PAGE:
In conclusion, the present study clearly reveals a crucial role for uPA and MMPs in mediating cardiac inflammation and necrosis during CVB3-induced viral myocarditis in mice. The absence of uPA or overexpression of the TIMP-1 or PAI-1 gene both before or after CVB3 infection in mice reduced inflammation and protected against cardiac injury and dysfunction during CVB3-induced viral myocarditis. These data encourage the use of proteinase inhibition as a novel therapeutic approach to prevent deleterious cardiac inflammation and cardiac dysfunction during CVB3-induced myocarditis.
Sources of Funding
This study was supported by a Dr Dekker grant from the Netherlands Heart Foundation (NHS, 2003T036) to Dr Heymans, a research grant from the Leuven University, Belgium (OT-0346) to Dr Heymans and Dr Van de Werf, a VIDI grant (016.036.346) from the Netherlands Organization for Scientific Research (NWO) to Dr Pinto, and a grant of the Deutsche Forschungsgemeinschaft through SFB Transregio 19 (grant SFB Transregio 19 A2) to Dr Pauschinger.
Kearney MT, Cotton JM, Richardson PJ, Shah AM. Viral myocarditis and dilated cardiomyopathy: mechanisms, manifestations, and management. Postgrad Med J. 2001; 77: 4–10.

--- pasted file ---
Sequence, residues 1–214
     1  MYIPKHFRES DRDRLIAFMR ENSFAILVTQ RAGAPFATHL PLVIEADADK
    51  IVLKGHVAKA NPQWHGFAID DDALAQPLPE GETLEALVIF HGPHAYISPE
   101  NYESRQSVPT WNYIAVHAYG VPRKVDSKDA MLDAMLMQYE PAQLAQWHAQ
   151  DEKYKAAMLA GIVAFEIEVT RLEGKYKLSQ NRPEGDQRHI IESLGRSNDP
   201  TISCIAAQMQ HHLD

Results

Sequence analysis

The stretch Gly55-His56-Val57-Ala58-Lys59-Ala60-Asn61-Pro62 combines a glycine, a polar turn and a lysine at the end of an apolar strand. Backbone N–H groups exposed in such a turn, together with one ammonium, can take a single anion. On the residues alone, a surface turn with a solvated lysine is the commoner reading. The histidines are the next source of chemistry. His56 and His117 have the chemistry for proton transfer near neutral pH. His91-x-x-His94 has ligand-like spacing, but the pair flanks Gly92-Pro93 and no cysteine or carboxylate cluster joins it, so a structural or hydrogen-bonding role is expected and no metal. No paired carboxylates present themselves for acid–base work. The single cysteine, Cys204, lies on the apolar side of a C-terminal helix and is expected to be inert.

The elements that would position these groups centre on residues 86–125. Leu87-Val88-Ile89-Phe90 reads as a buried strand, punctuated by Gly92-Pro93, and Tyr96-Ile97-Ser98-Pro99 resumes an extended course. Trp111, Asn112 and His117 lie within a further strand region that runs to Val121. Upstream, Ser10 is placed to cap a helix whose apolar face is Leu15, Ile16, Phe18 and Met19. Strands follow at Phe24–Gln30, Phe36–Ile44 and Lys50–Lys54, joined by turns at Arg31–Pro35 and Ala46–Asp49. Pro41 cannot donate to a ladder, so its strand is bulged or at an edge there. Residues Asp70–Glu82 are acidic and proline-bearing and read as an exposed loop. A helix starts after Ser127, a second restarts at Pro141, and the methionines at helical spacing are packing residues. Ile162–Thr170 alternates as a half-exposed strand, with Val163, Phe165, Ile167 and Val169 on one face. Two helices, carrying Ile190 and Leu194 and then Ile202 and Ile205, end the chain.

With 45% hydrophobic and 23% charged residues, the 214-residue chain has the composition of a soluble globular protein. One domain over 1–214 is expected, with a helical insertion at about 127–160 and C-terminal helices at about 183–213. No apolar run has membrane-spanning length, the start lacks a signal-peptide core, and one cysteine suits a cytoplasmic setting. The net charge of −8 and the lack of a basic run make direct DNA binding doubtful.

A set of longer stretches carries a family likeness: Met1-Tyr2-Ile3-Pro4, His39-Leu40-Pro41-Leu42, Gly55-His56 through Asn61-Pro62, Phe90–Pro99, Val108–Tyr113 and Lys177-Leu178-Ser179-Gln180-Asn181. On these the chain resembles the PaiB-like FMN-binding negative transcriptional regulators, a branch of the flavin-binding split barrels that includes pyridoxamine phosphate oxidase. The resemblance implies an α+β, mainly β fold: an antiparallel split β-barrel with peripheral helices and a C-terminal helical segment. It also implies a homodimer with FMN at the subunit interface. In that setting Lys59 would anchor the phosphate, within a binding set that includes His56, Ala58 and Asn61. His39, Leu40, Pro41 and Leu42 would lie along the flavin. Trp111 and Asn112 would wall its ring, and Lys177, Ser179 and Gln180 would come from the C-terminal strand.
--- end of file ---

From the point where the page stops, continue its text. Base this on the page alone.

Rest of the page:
Heymans S, Luttun A, Nuyens D, Theilmeier G, Creemers E, Moons L, Dyspersin GD, Cleutjens JP, Shipley M, Angellilo A, Levi M, Nube O, Baker A, Keshet E, Lupu F, Herbert JM, Smits JF, Shapiro SD, Baes M, Borgers M, Collen D, Daemen MJ, Carmeliet P. Inhibition of plasminogen activators or matrix metalloproteinases prevents cardiac rupture but impairs therapeutic angiogenesis and causes cardiac failure. In: Nat Med. 1999; 1135–1142.
Ducharme A, Frantz S, Aikawa M, Rabkin E, Lindsey M, Rohde LE, Schoen FJ, Kelly RA, Werb Z, Libby P, Lee RT. Targeted deletion of matrix metalloproteinase-9 attenuates left ventricular enlargement and collagen accumulation after experimental myocardial infarction. J Clin Invest. 2000; 106: 55–62.
Li J, Schwimmbeck PL, Tschope C, Leschka S, Husmann L, Rutschow S, Reichenbach F, Noutsias M, Kobalz U, Poller W, Spillmann F, Zeichhardt H, Schultheiss HP, Pauschinger M. Collagen degradation in a murine myocarditis model: relevance of matrix metalloproteinase in association with inflammatory induction. Cardiovasc Res. 2002; 56: 235–247.
Pauschinger M, Rutschow S, Chandrasekharan K, Westermann D, Weitz A, Peter Schwimmbeck L, Zeichhardt H, Poller W, Noutsias M, Li J, Schultheiss HP, Tschope C. Carvedilol improves left ventricular function in murine coxsackievirus-induced acute myocarditis association with reduced myocardial interleukin-1beta and MMP-8 expression and a modulated immune response. Eur J Heart Fail. 2005; 7: 444–452.